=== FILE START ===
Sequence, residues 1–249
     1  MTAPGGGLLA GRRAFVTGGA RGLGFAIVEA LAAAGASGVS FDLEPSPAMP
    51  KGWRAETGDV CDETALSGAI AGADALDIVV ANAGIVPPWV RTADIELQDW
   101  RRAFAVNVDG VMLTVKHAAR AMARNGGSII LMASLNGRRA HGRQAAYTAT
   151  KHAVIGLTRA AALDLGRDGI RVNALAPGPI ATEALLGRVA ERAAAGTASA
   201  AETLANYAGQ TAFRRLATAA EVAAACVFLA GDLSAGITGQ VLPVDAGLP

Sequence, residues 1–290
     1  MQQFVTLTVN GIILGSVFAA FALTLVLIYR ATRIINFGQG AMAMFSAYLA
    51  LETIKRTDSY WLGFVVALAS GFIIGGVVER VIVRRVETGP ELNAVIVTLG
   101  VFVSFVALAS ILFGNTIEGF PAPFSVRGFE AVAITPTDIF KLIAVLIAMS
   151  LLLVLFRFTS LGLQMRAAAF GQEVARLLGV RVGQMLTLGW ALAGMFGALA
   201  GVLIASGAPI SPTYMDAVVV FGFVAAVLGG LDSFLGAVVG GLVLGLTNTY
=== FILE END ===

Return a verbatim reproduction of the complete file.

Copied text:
Sequence, residues 1–249
     1  MTAPGGGLLA GRRAFVTGGA RGLGFAIVEA LAAAGASGVS FDLEPSPAMP
    51  KGWRAETGDV CDETALSGAI AGADALDIVV ANAGIVPPWV RTADIELQDW
   101  RRAFAVNVDG VMLTVKHAAR AMARNGGSII LMASLNGRRA HGRQAAYTAT
   151  KHAVIGLTRA AALDLGRDGI RVNALAPGPI ATEALLGRVA ERAAAGTASA
   201  AETLANYAGQ TAFRRLATAA EVAAACVFLA GDLSAGITGQ VLPVDAGLP

Sequence, residues 1–290
     1  MQQFVTLTVN GIILGSVFAA FALTLVLIYR ATRIINFGQG AMAMFSAYLA
    51  LETIKRTDSY WLGFVVALAS GFIIGGVVER VIVRRVETGP ELNAVIVTLG
   101  VFVSFVALAS ILFGNTIEGF PAPFSVRGFE AVAITPTDIF KLIAVLIAMS
   151  LLLVLFRFTS LGLQMRAAAF GQEVARLLGV RVGQMLTLGW ALAGMFGALA
   201  GVLIASGAPI SPTYMDAVVV FGFVAAVLGG LDSFLGAVVG GLVLGLTNTY